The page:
Peterson joins artists Cedric Bomford, Ann Hamilton, Norie Sato, Buster Simpson, Oscar Tuazon and Stephen Vitiello in creating a permanent artwork which will transform the waterfront. This roster of diverse artists will help to create a sense of place on the renewed waterfront that will act as an invitation to residents and visitors alike.

About Shaun Peterson
Shaun Peterson is a pivotal figure in the revival of Coast Salish art traditions. An enrolled member of the Puyallup tribe, and also affiliated with the Tulalip tribe, Peterson carries the name Qwalsius, originally carried by his great grandfather, Lawrence Williams. The name has been translated in two possible meanings as the Lushootseed language spoken by many Western Washington tribes has become scarce. The first translation is “Painted Face” and the second is “Traveling to the face of Enlightenment.”

Peterson is a Native American artist producing work that is a continuation of the ancient art of the Northwest Coast first peoples. While knowledgeable and invested in diverse tribal styles and applications, his focus and expertise is the art of the Southern regions that encompass the many tribes of Western Washington and Southern British Columbia known as Salish territory. Shaun’s artistic career began under the guidance of key mentors in the field of Northwest Coast art including master artists Steve Brown, Greg Colfax (Makah), George David (Nuu-chah-nulth), and Loren White.

Selection panel members and advisors:

Panelists
Tina Jackson, Cultural Activities Coordinator/ Kate Ahvakana, Suquamish Tribe
Barbara Brotherton, curator of Native American Art, Seattle Art Museum
Patti Gobin, Tulalip Tribes
Candice Hopkins, curator, University of New Mexico, Carcross/Tagish
Warren KingGeorge, historian, Muckleshoot Tribe
Cary Moon, urban designer
Eric Robertson, artist, Métis/Gitksan

Advisors
Heather Johnson-Jock, artist and Tribal Council Secretary, S’Klallam Tribe
Guy Michaelson, Berger Partnership
Steve Pearce, Office of the Waterfront
Tracy Rector, Seattle Art Commission
Denise Stiffarm, Urban Indians, Gros Ventre (A’aninin/White Clay)
Ken Workman, Duwamish Tribe
Nicole Willis, Tribal Relations Director, Office of Intergovernmental Relations

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Read more at http://indiancountrytodaymedianetwork.com/2015/04/03/shaun-peterson-puyallup-tapped-make-public-art-seattle-waterfront-159871

UW Bothell empowers Native American students to plan for college

Photo/Micheal Rios

Photo/Micheal Rios

 

by Micheal Rios, Tulalip News

The University of Washington Bothell held its 3rd annual Reaching American Indian Nations (RAIN) event Friday, February 6. It was a day dedicated to preparing American Indian, Alaskan Native, and First Nations students with the tools necessary to access higher education. Students interacted with UW Bothell and Cascadia College students, staff and faculty, engaged with speakers, and participated in cultural and educational workshops.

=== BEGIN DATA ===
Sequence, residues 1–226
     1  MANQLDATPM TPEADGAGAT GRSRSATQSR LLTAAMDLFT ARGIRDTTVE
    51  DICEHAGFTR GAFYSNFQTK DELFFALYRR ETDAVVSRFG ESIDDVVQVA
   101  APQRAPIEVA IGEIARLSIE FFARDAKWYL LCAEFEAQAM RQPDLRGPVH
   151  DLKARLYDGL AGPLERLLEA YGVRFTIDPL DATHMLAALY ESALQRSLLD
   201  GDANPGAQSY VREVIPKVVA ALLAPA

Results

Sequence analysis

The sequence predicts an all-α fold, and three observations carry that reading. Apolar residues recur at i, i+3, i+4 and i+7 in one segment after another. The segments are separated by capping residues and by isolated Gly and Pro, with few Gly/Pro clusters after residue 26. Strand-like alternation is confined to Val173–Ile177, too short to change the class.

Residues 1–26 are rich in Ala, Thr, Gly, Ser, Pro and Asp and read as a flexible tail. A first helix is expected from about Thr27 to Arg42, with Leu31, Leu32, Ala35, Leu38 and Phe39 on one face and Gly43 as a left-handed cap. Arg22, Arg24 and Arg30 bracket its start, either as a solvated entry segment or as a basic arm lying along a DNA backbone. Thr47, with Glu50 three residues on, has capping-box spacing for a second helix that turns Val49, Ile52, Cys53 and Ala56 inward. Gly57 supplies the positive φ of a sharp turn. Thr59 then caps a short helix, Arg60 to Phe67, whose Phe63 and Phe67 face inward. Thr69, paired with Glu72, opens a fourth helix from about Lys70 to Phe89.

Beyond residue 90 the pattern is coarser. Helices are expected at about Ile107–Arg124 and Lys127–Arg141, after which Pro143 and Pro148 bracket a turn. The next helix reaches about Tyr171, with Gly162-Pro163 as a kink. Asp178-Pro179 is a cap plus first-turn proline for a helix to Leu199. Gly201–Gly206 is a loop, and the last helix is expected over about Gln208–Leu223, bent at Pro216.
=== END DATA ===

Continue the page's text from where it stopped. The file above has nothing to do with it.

Native high school students and faculty from Native American educational programs from all across Washington State were invited to attend RAIN 2015. Amongst those who attended were tribal students from Tulalip, Puyallup, Yakima, Port Gamble S’Klallam, La Conner, Central Kitsap, Edmonds Indian program, and representatives from Tacoma.

“We have created this culturally relevant event where we can bring amazing people out to speak on all the reasons you, as a Native American high school student, should go to college, and to explain why higher education is important as a Native American person. How can you use it to connect to your community or be more a part of your community or work for your community,” explains Rachael Meares, Native American Outreach Coordinator for UW Bothell. “We just hope that they get that idea here. It doesn’t matter if they want to attend this campus or another college. We invite Northwest Indian College out and we have Cascadia College here, so they can see their college options. We just want them to think about planning for college.”

This year’s RAIN attendance was by far the highest in its history. In 2013, the first year RAIN was held, only  Tulalip Heritage high school students were participants. The following year there were roughly 55-60 students from tribes all over the state. This year the attendance nearly doubled with an estimated 110 Native students participating.

The inspiration that led to UW Bothell creating RAIN three years ago happened right here on the Tulalip Reservation. It was during a routine admission workshop that Rachael Meares was undertaking at Tulalip Heritage High School that inspiration struck. The junior and senior high school students at Tulalip Heritage were so eager to participate in her workshop and to learn of the opportunities available at UW Bothell that Meares thought it would be really beneficial for the students to spend a day at the UW Bothell campus, participating in various workshops,  exploring and learning about the campus, and receiving an alternative college perspective that wouldn’t otherwise be available to them here on the reservation.